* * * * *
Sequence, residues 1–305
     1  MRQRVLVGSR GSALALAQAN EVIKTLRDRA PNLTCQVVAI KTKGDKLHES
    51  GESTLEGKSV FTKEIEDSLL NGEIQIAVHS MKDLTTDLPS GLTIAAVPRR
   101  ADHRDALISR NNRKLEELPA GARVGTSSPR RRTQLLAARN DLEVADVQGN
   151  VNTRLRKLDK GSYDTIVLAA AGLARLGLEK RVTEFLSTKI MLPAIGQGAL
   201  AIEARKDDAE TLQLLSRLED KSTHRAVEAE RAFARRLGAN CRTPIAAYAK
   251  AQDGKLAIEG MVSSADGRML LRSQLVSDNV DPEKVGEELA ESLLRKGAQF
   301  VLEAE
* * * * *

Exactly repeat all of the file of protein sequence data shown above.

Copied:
Sequence, residues 1–305
     1  MRQRVLVGSR GSALALAQAN EVIKTLRDRA PNLTCQVVAI KTKGDKLHES
    51  GESTLEGKSV FTKEIEDSLL NGEIQIAVHS MKDLTTDLPS GLTIAAVPRR
   101  ADHRDALISR NNRKLEELPA GARVGTSSPR RRTQLLAARN DLEVADVQGN
   151  VNTRLRKLDK GSYDTIVLAA AGLARLGLEK RVTEFLSTKI MLPAIGQGAL
   201  AIEARKDDAE TLQLLSRLED KSTHRAVEAE RAFARRLGAN CRTPIAAYAK
   251  AQDGKLAIEG MVSSADGRML LRSQLVSDNV DPEKVGEELA ESLLRKGAQF
   301  VLEAE